is accomplished with a force of 24 men, including four 
apprentices on the 8-hr. day shift and 18 men on one 8-h1 
night shift. The labor charge for applying new wheels to 
second-hand axles is expected to be cut from $4.90 to 
$3.26 a pair in the new shop. 

The new Pocatello wheel shop, extending in a general 
north-south direction, utilizes an old mill building, 80 ft 
by 150 ft which was cleared of all wood-working ma 
chinery, the inside walls and roof structure cleaned and 
painted white. Fifty-seven 400-watt mercury vapor lights 
were installed to give adequate illumination on dark days 
as well as for night shift workers. For the same reason, 
sixteen 1,500-watt flood lights are provided to illuminate 


wheel storage space and all outside facilities. 


Shop Equipment 


Machine tool and other equipment installed in the shop 
in ludes two Manning. Maxwell and Moore 2-ton floor- 


operated cranes; three Pawling & Harnischfeger 2-ton jib 
cranes; two Betts car wheel borers; three end-drive axle 
lathes, one end-drive gap lathe and one profile-turning 
wheel lathe, supplied by Sellers; one Niles axle-centering 
lathe; one 36-in. engine lathe; one Rodgers 600-ton 
wheel dismounting press; one Watson-Stillman 600-ton 
mounting press; one Magnaglo axle inspection unit; and 
one Magnaflux unit for mounted steel wheel inspection. 
Production with the car wheel boring machines aver 
ages 45 to 55 one-wear wrought-steel wheels per machine 
per &-hr. shift or 70 cast-iron wheels in the same time. 
The axle lathes are used to machine 18 to 22 second-hand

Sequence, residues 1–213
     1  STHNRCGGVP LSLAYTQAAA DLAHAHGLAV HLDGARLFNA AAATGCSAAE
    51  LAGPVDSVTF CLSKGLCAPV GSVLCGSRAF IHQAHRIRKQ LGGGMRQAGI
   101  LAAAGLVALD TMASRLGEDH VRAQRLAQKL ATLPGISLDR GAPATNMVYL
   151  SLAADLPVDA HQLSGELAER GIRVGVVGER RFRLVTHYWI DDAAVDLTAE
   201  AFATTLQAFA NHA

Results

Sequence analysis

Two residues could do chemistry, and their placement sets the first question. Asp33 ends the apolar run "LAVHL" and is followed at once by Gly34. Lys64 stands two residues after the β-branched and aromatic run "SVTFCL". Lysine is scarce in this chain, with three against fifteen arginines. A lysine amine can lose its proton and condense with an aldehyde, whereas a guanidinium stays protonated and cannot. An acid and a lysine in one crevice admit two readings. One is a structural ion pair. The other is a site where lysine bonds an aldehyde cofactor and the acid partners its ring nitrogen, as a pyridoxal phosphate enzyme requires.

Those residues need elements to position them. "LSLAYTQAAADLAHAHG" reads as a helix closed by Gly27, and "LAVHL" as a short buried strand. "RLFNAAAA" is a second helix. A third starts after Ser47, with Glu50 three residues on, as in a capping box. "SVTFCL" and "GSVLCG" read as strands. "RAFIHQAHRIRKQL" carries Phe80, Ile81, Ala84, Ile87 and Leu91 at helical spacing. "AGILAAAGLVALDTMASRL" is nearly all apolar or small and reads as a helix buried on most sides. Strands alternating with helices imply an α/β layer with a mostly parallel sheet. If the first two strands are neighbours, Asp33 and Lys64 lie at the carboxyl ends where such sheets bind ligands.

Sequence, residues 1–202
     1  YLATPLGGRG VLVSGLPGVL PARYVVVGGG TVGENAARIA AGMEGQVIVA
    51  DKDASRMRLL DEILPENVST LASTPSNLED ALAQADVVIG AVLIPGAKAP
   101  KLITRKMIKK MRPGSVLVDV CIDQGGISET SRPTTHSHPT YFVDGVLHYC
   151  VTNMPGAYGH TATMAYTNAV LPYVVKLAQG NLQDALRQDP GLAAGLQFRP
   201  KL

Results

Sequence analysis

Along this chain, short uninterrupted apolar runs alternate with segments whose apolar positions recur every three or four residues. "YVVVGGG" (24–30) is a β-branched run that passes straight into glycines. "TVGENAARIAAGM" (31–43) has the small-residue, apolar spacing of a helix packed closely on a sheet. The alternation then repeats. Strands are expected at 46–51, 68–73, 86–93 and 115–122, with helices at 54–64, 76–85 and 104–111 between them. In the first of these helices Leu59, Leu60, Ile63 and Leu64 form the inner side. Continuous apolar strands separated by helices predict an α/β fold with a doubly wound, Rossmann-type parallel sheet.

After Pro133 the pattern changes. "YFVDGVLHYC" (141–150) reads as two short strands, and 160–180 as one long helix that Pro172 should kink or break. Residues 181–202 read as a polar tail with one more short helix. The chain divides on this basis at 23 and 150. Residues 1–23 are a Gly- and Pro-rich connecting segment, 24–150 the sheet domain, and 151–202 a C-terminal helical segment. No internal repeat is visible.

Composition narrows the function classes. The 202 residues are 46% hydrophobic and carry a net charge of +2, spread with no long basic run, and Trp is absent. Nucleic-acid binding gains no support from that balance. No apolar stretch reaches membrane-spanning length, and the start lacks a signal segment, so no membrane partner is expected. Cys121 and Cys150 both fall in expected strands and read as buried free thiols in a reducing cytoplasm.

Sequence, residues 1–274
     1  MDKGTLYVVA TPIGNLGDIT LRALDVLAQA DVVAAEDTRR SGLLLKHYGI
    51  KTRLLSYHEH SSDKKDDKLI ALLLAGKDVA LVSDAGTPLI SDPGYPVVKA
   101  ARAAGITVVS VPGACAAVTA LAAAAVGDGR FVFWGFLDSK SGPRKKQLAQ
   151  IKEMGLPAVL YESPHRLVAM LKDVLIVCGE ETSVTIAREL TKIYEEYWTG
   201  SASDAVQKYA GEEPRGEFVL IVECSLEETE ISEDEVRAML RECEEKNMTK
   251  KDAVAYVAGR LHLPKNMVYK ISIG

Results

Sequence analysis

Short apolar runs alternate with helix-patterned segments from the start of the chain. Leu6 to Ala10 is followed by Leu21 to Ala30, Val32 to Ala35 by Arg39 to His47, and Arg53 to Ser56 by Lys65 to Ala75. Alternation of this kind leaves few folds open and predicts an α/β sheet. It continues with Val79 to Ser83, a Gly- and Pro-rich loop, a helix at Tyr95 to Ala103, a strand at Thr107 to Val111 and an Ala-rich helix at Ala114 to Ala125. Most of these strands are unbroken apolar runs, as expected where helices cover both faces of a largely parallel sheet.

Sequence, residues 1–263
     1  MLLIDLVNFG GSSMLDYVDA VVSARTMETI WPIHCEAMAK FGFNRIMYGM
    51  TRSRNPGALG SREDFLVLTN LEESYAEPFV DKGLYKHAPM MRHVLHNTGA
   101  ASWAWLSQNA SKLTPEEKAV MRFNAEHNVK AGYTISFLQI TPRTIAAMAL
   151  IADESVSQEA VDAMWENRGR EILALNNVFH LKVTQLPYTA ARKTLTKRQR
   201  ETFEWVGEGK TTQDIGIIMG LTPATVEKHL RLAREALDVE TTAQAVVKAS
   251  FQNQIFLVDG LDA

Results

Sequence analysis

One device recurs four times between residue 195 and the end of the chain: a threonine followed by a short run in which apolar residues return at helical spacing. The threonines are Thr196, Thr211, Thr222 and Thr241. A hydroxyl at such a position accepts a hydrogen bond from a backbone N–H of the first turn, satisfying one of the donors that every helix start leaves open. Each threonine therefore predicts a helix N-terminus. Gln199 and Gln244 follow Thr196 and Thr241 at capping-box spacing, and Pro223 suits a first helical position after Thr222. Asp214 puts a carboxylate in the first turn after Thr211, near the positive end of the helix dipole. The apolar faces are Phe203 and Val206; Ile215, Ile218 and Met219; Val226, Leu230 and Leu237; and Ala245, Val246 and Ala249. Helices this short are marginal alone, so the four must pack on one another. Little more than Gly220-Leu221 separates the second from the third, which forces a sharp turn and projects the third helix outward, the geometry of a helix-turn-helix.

axles or 14 new ones in 8 hrs. Production with the new 
wheel lathe is 14-17 pairs of wheels turned in an 8-hr 


shift compared to a 7-pair output using conventional 


RAILWAY LOCOMOTIVES AND CARS * DECEMBER, 1955 





Wheel and axle assembly equipment with axle dolly at right ready 
with the next axle 


wheel lathe and tooling. These wheels vary from 33-i 
car wheels to 40-in. diesel wheels. The gap lathe refinishes 
journals on 18 to 24 pairs of wheels per shift. The dis 
mounting press operated by two men can press off 120 
pairs ol wheels per shift and the mounting press mounts 
whatever wheels are bored 

Wheel storage space at the north end of the shop ex 
tends 180 ft. to a depressed pit where wheel cars are rut 
in and loaded or unloaded. This platform is made of 
concrete poured on steel grating for permanence under 
heavy lift-truck operation. The platform has a capacity 
to store 4,000 loose wheels. Similarly, large storage space 
for 2,500 pairs of mounted wheels is provided on stul 
tracks just west of the shop 


Work Flow 


All mounted steel wheels which require turning come 
in through the south end of the shop and, if journal turn 
ing only is required, the wheels are either revolved at the 
first turntable to a short track for storage or go directly 
to the second turntable for processing through the 


gap 
lathe. 


In case both wheel and journal turning are required 
the wheels are rolled to the second turntable from which 
they move to the profile wheel lathe, then back to the gap 
lathe for journal turning and into position for Magnaflux 
inspection. 


A unique feature of this position is that the wheels rest 
on two pairs of small air-operated rollers set in the track 
and foot-treadle controlled by the Magnaflux operator: 
The wheels are thus automatically revolved during magna 
flux inspection and when this is completed the operator 
simply steps on another lever in the floor, causing a 
small air-cylinder operated bracket to swing up, contact 
the journal and give a push which starts the wheels 
rolling out of the shop 


DECEMBER, 1955 * RAILWAY LOCOMOTIVES AND CARS 


Rollers in track facilitate Magnaflux inspection. Floor bracket is con 
tact to start wheels rolling out of shop 


Most of the wheel work at this shop; in fact, about